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Friday 19th December 2014
Labour MP Jon Ashworth has served up a storm at the communities department, asking ministers how much they've spent on fast food since the election.
DCLG's response left him none the wiser, with minister Kris Hopkins responding that "The Department does not routinely provide take-away food for its staff, so this information is not centrally held in the form requested."
The local government minister had a barbed response for Ashworth, however:
"I would observe that during the time the hon. Member was a special adviser at HM Treasury from 2004 to 2007 under the tutelage of the Rt. hon. Member for Kirkcaldy and Cowdenbeath (Gordon Brown), a total of £125,020 was spent on hospitality for Ministers (as cited in 17 December 2008, Official Report, Column 824W). Based onThe Economist’s purchasing power parity index, this would have been sufficient to purchase 65,856 Big Macs. I hope the hon. Member got fries with that."
Still no word on whether DCLG ministers ask for extra Pickles on their burgers...
Tuesday 16th December 2014
Ed Miliband's attempts to shake off his "Red Ed" moniker have been dealt a blow.... by John Prescott!
The Labour heavyweight helpfully used the nickname as he did the flagship 8.10 interview on Radio 4's Today programme this morning.
Prezza was attacking Government plans to introduce so-called English votes for English laws and commending his own leader's approach when he appeared to slip up.
He said: "Now how you have the accountability, whether it’s elected different regions, whether you actually have economic powers and resources within the elected people is a debate and discussion. And that’s why Red, Ed, is right to have a commission to look at these and not rush them through ready for the election which Hague is now doing."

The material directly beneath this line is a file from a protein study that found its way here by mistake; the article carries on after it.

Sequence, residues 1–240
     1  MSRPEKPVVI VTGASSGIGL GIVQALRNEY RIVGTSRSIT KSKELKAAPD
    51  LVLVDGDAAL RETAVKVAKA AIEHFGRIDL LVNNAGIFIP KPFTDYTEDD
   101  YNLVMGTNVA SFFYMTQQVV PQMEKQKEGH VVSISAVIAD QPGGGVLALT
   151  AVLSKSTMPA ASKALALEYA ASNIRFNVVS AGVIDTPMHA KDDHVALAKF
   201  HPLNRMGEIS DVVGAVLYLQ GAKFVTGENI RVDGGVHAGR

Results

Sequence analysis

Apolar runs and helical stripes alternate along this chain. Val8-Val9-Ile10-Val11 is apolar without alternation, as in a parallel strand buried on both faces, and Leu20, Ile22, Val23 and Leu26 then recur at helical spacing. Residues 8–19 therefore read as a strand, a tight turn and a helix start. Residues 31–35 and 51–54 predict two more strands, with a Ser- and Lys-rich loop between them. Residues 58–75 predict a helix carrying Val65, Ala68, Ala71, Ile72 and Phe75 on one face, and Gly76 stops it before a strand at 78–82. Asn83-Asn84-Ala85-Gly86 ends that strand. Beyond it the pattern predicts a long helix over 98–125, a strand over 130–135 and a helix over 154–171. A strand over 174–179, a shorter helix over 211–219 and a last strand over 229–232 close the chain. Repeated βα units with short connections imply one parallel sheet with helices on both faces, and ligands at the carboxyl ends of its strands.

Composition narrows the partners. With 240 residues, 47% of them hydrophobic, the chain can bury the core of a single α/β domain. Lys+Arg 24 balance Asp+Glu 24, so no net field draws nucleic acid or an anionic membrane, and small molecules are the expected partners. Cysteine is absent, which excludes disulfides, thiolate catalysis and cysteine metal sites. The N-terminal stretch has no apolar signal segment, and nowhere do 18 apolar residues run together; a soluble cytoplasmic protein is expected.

Oops. The Red Ed nickname was adopted by the Tory-supporting press soon after Mr Miliband's Labour election victory in September 2010.
It largely disappeared later but was then temprorarily revived as a reaction to the Labour leader's 2013 party conference speech when he pledged to freeze energy bills.
Recently it has been dying a bit, despite the best efforts of Tory HQ. Did Prezza just bring it back to life?
Friday 5th December 2014
With the Liberal Democrats averaging eight percent in the polls, it’s only fair someone gives Nick Clegg a break for Christmas.
So the Deputy Prime Minister will surely be overwhelmed with delight to hear that he is judged to have "won Christmas" with this year’s amusing photo-booth style card.
The year's effort is a classy shift from the cutesy cards of previous years designed by the Clegg children. In 2010, for example, Nick was portrayed as a gingerbread man glued to his phone, donning a Lib Dem yellow tie.
Meanwhile, David Cameron’s card shows the PM and his wife surrounded by the Chelsea Pensioners. With such patriotism on clear display, anyone might think Ukip was breathing down his neck...
Over in Primrose Hill, Ed, Justine and their two young sons are putting the last-minute touches on Labour’s 2015 manifesto with vital attempts to bring in the youth vote.
As for who lost Christmas this year?
Season’s Greetings, Chandler Bing.
Tuesday 2nd December 2014
It’s no secret that David Cameron has increased the number of people attending the Cabinet table, but it’s just getting ridiculous now.
In a rare insight into the kind of lobbying operations that can secure ministers a spot at the top table, Phillip Schofield spoke with the Prime Minister in the Cabinet Room in No 10 this morning for Good Morning Britain (the first ever live TV interview from there, incidentally).
Schofield, who did the interview as part of a 24-hour live TV presence for the Text Santa charity, said afterwards:
“I am in a bit of a sort of takeover mood. I am feeling quite comfortable.”
Cameron, acknowledging he had been roundly outmanoeuvred by the ingenious power play, responded:
“I'm staying right here.... You can stay on for Cabinet. See what really happens.”
Wednesday 26th November 2014
Congratulations to Ed Vaizey for – hopefully – giving the question of ‘does any of your family drive a white van?’ a humane ending.
Echoing fellow Labour MP Jamie Reed’s performance at PMQs today, Sadiq Khan took the opportunity to inform us that his nephew and brother drive a white van before laying down the gauntlet to Tory guest Ed Vaizey.
“I’m sure Ed has members of his family who drive a white van as well. Ed?” he poked on the World at One.
While he fell short of the rhetorical flourishes of Nadhim Zahawi, Vaizey made his point:
“My kids are too young to drive. They’re only eight and six. I think about my neighbours and I think about Sadiq’s family. I will from now on, anyway.”